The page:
Easter is as difficult as Christmas to experience since Justin’s death. I loved everything about Easter, from the beginning of Lent to the wonderful indulgence of leftover ham from Easter dinner. We would dye dozens of Easter eggs, and then play with the colors in the sink as we were cleaning up, so much color and life.
Perhaps it may seem counter intuitive to feel Justin’s loss so keenly at Easter. I know it was a source of my greatest hurt and confusion, being told not to feel my grief because of the resurrection of Christ. I could not bring into reconciliation my grief and my Christianity. I had been basically told the two could not live together, that if I could just muster up some faith, surely I would feel joyful. So I basically checked out of the church. I was welcome, but only if I could confine my grief to the prescribed parameters of Christianity.
My son’s tomb is still occupied, his body lies entombed in a little bit of ground that we used to walk and tread silently when we made our visits to remember other family members. I remember the little boys in the grotto, the grounds of the church being as familiar as our own backyard. I remember the scents of the Liturgy and the weight of my children in my arms. A part of me is always watch keeping at Justin’s grave, my heart, my flesh lies there also. The bond of mother and child transcends all definition and earthly understanding. It is a bond that should be honored and acknowledged in life and in death. Beware invalidating a mother’s grief by quickly quoting scripture at her, you will get a polite half-smile and glazed eyes.
I have a thought this Good Friday as I meditate on Christ’s Passion, beyond the physicality of the cross, Christ suffered emotional and mental torture, he was abandoned, isolated, mocked, so utterly alone. People around him, but alone. I feel as I am putting to death the last remnants of what remained of my spirituality and beliefs that I had before Justin’s death. I question all of them now, examine them all for validity, for application to real life, messy life, a life where children die. If I allow them to be nailed with Christ, then I can have complete confidence that they will die with him, be entombed with him, and rise with him. I can have complete confidence that they will ascend with him to Father God and can expectantly wait for a new spirit to descend on me that it sculpted uniquely for the life I am to live. Is that not resurrection? We live this reality in our lives, a constant dying, a journey to new life. And it does not happen in three days, three months, three years, we work out our own path of discipleship according to his call. For some Good Friday lasts a lifetime.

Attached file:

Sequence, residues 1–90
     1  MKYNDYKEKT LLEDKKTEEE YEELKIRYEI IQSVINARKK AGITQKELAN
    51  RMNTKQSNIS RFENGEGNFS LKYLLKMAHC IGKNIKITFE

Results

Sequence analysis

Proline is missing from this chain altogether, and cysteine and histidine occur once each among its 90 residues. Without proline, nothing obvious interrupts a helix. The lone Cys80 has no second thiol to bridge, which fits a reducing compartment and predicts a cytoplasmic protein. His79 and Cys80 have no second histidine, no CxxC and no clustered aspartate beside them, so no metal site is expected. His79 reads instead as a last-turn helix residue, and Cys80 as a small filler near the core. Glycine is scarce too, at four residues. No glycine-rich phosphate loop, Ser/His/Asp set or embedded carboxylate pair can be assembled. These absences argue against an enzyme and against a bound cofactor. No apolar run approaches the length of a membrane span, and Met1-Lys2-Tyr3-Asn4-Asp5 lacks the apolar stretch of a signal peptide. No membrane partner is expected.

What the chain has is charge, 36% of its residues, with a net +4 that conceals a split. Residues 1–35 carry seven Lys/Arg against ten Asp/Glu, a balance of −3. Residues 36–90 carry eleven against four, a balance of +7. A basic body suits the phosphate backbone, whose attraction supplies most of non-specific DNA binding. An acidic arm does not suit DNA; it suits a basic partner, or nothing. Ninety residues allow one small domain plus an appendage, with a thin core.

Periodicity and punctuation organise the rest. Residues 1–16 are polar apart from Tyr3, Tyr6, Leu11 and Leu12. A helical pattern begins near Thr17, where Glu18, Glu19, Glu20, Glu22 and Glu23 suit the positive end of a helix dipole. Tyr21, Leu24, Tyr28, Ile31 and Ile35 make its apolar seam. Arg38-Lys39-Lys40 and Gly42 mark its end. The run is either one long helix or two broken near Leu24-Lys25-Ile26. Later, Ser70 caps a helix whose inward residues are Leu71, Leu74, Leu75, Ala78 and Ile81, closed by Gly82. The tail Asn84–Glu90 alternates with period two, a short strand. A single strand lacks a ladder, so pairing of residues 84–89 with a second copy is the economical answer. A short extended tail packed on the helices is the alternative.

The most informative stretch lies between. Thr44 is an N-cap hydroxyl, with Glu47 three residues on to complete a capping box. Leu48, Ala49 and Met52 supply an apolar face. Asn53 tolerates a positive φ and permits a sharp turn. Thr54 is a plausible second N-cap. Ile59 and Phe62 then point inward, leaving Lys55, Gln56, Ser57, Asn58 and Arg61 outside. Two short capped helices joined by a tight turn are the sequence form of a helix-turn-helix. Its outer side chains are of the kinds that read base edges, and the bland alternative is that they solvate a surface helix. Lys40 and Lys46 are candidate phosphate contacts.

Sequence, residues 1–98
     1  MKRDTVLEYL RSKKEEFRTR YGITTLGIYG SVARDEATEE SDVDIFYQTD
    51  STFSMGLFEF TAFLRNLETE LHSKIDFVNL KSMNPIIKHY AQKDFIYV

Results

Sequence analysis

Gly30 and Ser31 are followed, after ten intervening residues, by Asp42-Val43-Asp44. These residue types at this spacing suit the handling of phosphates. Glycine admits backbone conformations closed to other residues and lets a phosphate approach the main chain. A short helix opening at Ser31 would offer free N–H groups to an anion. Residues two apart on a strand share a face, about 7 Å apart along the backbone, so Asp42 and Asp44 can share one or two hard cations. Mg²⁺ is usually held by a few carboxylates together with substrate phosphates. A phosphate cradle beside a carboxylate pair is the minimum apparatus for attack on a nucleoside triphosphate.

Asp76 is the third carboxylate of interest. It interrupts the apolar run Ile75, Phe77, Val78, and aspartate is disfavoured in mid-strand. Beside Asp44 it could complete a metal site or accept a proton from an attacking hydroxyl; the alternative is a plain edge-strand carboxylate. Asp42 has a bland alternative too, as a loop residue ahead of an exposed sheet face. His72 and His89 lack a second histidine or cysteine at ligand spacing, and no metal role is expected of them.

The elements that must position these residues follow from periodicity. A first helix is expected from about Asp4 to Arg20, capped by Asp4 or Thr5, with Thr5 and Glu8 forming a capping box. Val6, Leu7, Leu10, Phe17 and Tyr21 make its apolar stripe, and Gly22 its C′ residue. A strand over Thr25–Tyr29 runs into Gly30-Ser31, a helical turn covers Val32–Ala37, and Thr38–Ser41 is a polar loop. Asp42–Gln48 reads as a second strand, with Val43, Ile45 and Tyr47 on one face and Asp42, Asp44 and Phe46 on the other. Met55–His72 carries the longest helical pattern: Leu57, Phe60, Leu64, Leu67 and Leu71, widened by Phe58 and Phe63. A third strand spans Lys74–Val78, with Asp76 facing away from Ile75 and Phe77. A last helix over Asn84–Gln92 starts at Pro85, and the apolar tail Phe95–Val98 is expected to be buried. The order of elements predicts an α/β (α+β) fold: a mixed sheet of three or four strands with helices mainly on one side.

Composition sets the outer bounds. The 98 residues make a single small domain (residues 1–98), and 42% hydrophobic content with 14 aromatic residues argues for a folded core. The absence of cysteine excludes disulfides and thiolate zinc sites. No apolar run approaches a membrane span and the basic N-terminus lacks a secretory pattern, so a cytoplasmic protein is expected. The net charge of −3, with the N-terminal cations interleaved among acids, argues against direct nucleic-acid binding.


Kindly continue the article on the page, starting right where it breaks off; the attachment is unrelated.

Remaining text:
I am a new creature, the slow emergence from the tomb reveals a new life. The surprise should not be that there is new life — no, the surprise is that the new life is not seen or acknowledged as a lived experience of the indwelling spirit. I listened to a gentle German monk yesterday, and he said that we do not have to be grateful for violence or bereavement. We can be grateful for the opportunity of the moment, to see what opportunity is in that moment. He captured my heart completely. I chose to be grateful for the opportunity of small moments where I can crawl in a cold tomb with someone and be unafraid. I can’t take away their pain, there are no words, but I am not afraid of the dark. And dare I say it, there can be found both joy and peace in those moments. Christ said not as the world gives, but as I give. Peace and joy cannot be measured by worldly standards or preconceived images of peace and joy. We re-write definitions of joy and peace.
I honor those who have been called to suffer the chill of the tomb in their lives. They are a true witness to life. Their lives bear the visible scars, and when they smile or offer a kindness, your heart it touched beyond measure. Their gift comes from a precious place of suffering, not from an abundance of good fortune.
I am including a link to the gentle monk, I probably would not have appreciated him two years ago, or even last year – I don’t even remember 2014, but this year his words made sense. I printed out a transcript of his talk, I wanted to be able to highlight those words that jumped out at me. To write them in my affirmation journal.
Brother David’s words “think again” brought me hope. I have my Easter message to hold on to, our Easter will not resemble Easter’s past, they are memories, we must grasp the opportunity of the moment.
Wishing all moments of gentle opportunity,